Unifi High TCP Latency

By Van Mahinay Written by Van Mahinay
Updated on April 20, 2022

If you have bought any of Ubiquiti’s wireless networking devices and frequently check their working status on the UniFi dashboard, you might encounter some (or a lot of) alerts, indicating that there is “High TCP Latency” between your Ubiquiti device and your own. 

To fix this issue, you will have to change some of your device settings and also try to change the firmware of your devices. Some of these settings may have set by default by the application, thus, you have to change them. Some firmware versions have also been noted to be causing this issue. Read on to know how to fix this issue!

What is High TCP Latency for Clients

If you have the UniFi Network application on any device, you can see on the Anomalies tab that some of your clients, or the devices connected to your UniFi AP may have the “High TCP Latency” issue.

Generally speaking, you don’t want any form of high latency in your connections, as this often translates to poor connections that may even lead to signal drops in your devices. This can be frustrating for end users so it’s imperative that you fix this problem.

Fix High TCP Latency by Changing Settings

To fix the “High TCP Latency” issues on your devices, you will have to change some of your configurations. Change the following settings:

  1. Disable Uplink Connectivity Monitor. You can find this by going to Classic Settings > Site > Services > Uplink Connectivity Monitor then unchecking “Enable wireless uplink.”

2. Disable Auto-Optimize Network. You can find this in Classic Settings > Site > Auto-Optimize Network.

3. Disable High-Performance Devices. You can find this in:

  • Classic Settings > Wireless Networks > SSID > Advanced Options > High Performance Devices 
  • Settings > Wifi > (three dots on the network) > Edit > Advanced

4. Disable Band Steering. You can find this in Devices > UAP > Config > Band Steering.

5. Navigate to your radios in:

  • Devices > UAP > Config > Radios 
  • Unifi Devices > Device > Radio tab on the sidebar

Change the Power in your 2.4 GHz network to Low/Medium and the Power in your 5 GHz network to Medium/High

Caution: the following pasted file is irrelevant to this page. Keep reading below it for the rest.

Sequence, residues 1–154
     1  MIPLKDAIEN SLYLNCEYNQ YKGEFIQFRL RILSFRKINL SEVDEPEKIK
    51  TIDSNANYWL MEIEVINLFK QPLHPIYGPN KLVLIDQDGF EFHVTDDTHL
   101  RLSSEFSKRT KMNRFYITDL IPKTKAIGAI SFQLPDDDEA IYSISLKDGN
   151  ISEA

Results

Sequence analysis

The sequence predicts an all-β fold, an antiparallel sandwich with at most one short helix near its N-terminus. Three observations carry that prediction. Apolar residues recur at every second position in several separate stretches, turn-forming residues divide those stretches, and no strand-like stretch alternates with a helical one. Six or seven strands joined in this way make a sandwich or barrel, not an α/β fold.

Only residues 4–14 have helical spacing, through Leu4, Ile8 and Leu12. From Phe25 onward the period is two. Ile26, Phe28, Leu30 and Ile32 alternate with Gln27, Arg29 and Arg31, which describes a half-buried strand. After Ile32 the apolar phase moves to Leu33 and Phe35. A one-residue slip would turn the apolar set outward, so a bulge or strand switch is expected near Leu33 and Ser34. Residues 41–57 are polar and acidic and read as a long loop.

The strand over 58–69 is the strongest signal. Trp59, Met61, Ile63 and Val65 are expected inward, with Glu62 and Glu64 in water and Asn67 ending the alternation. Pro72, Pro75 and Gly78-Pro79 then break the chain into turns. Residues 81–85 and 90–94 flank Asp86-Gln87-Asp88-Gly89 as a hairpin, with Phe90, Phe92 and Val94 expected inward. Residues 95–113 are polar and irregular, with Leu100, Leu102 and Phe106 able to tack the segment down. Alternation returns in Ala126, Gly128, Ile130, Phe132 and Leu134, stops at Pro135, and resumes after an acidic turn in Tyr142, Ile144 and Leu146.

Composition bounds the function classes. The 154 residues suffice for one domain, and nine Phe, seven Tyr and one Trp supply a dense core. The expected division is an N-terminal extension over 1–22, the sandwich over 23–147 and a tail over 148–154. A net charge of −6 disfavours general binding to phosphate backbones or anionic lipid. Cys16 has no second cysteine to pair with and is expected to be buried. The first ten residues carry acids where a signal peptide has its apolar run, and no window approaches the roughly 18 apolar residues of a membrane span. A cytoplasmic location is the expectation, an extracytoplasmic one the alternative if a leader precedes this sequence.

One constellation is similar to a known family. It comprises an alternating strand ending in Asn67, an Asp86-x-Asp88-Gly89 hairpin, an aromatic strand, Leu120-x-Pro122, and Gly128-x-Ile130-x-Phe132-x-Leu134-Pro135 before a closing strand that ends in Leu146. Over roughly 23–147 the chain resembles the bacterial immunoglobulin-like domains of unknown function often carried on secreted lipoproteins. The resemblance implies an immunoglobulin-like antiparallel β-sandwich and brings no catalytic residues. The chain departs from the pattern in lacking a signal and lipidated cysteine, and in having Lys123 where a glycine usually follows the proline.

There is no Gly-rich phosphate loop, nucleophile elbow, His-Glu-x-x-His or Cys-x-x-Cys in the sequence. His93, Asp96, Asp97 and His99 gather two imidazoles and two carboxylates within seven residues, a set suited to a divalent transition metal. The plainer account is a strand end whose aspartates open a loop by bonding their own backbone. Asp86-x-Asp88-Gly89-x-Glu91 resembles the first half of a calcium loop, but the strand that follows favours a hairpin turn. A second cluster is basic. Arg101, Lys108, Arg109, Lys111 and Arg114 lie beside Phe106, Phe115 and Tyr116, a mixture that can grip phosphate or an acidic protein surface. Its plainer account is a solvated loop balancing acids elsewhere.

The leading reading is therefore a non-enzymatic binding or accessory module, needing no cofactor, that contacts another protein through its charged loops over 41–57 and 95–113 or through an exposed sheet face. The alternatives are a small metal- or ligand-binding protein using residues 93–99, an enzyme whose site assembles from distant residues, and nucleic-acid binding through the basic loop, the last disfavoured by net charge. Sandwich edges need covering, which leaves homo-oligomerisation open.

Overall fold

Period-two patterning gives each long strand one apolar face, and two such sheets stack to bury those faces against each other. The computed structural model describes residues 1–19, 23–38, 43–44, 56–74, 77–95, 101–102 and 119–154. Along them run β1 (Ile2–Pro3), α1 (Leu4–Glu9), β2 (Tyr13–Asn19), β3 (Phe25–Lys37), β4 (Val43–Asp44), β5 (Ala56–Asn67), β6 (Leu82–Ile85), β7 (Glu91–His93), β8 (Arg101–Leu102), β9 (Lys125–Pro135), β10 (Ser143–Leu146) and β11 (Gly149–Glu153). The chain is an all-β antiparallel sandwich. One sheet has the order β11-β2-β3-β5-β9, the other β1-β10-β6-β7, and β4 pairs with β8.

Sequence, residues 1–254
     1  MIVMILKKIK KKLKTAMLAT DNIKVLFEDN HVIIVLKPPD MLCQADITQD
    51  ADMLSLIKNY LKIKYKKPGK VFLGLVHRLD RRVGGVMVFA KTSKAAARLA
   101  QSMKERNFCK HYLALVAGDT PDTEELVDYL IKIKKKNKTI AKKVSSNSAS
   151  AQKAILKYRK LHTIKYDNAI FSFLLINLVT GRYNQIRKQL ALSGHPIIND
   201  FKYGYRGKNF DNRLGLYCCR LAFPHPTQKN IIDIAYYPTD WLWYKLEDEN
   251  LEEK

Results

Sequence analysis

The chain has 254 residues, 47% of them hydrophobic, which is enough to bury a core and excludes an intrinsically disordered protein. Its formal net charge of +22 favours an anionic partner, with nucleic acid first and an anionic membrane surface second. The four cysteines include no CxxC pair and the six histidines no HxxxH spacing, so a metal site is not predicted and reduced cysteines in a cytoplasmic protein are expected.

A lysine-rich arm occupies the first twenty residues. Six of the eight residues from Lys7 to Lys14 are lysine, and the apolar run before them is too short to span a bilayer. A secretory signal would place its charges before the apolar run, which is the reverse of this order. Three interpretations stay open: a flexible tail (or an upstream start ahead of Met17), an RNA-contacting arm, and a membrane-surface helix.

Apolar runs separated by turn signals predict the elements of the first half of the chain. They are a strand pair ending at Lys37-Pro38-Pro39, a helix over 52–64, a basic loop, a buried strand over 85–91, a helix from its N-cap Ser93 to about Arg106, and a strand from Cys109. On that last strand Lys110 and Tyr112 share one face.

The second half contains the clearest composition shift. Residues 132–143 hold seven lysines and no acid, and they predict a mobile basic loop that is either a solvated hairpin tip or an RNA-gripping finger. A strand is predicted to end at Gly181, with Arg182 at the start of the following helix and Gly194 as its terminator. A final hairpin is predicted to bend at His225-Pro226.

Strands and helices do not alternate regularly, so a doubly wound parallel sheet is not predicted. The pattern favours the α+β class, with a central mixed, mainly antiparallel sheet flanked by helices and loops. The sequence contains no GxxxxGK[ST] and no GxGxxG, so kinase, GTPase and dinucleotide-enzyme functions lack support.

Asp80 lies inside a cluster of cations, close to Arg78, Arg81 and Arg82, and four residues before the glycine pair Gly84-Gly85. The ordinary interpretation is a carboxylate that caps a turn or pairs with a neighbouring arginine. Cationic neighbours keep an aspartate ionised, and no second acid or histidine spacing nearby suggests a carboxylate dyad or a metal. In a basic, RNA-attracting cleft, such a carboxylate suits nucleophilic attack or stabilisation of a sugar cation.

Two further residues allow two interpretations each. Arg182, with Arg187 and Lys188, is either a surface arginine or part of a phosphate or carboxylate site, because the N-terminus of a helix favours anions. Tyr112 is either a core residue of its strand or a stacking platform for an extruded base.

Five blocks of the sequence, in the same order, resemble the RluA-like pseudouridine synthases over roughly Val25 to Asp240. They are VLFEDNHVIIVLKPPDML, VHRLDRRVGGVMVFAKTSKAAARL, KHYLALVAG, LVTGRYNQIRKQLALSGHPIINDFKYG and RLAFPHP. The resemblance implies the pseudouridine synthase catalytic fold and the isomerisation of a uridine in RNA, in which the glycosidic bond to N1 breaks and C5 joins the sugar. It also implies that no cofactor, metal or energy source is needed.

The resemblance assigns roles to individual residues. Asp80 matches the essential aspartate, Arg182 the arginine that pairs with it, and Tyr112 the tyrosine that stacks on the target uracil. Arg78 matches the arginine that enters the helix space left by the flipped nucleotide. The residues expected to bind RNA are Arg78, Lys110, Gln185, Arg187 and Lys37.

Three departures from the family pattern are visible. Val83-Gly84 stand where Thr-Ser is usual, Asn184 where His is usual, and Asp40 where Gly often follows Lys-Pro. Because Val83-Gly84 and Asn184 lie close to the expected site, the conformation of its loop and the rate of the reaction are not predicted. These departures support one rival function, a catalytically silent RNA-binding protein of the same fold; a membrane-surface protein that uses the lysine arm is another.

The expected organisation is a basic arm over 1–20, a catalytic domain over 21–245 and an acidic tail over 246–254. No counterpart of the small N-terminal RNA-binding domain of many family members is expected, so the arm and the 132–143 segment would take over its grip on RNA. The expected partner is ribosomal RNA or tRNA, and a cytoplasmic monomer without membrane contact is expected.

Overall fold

Fix High TCP Latency with Firmware Downgrade

Many people have commented that on some versions of the UniFi AP firmware, the “High TCP Latency” anomalies might actually be false positives and do not affect the actual performance of your connection. 

If the devices connected to your UniFi AP have no issues with their connections, then it’s highly likely that your UniFi device’s firmware is reporting false “High TCP Latency” issues. We recommend that you change your device’s firmware, either to a later version (if your current firmware is outdated) or an older version that is known to not have those issues.

There are two ways that we recommend for you to use to change the firmware of your UniFi device: thru SSH or the custom firmware upgrade.

Before starting the firmware downgrade, you need to identify your current firmware version and the version that you want to downgrade to. You might want to check the forums for the specific versions that are known to be working well.

If you’re not sure which version to choose, pick the latest release first (if your version is outdated), or the previous version of the firmware. The releases can be found in the Ubiquiti Community website, under Releases.

Firmware version files are in the BIN format, and the download links can be found in the Download Links part of the version post. Make sure to choose the first link, not the md5sum or sha256sum.

To change the firmware of your device using the custom firmware upgrade:

  1. After finding the download link of the firmware for your device model, right-click on it, then select Copy Link Address.
  2. In the Network application, go to the device you want to be changed then go to Device > Manage > Custom Upgrade
  3. In the textbox “Location URL,” paste the link then click Apply Custom Upgrade.

To change the firmware of your device using SSH, you first must have Device SSH Authentication. To do this:

  1. Open the Network application.
  2. Navigate to Settings > System > Application Configuration > Device SSH Authentication or Settings > Site > Device SSH Authentication 
  3. Make sure that Enable SSH authentication is checked.
  4. You can view your SSH credentials in this part, too. If you have not set up or changed your credentials, there are three possible default values of username / password
    1. root / ubnt
    2. ubnt / ubnt
    3. root / your SSO account’s password (account.ui.com)

If you have access to your SSH credentials, do the following:

  1. After finding the download link of the firmware for your device model, click on it to download it. Find the location of the firmware file and keep it.
  2. Find the IP address of the device that you want to be changed. You can see this in Devices. The IP address is the string of 4 numbers separated by dots, often starting with 192.168.

3. On any macOS or Linux Terminal or Windows PowerShell on a Windows machine with PuTTY installed, use the scp command to transfer the firmware file to the device. 

The format for the command is as follows:

scp </location path/firmwarefile.bin> <user>@<IP of device>:/tmp/fwupdate.bin

  1. If prompted for a password, use the SSH password.
  2. When the scp command is finished, SSH into the AP device by typing the following command to the terminal:

ssh <user>@<IP of device>

  1. Type the following command:

syswrapper.sh upgrade2 &

UniFi DNS Timeout

Another similar issue, DNS timeouts, can also be fixed by performing a firmware change. You can follow the same steps described above if you are also getting these issues.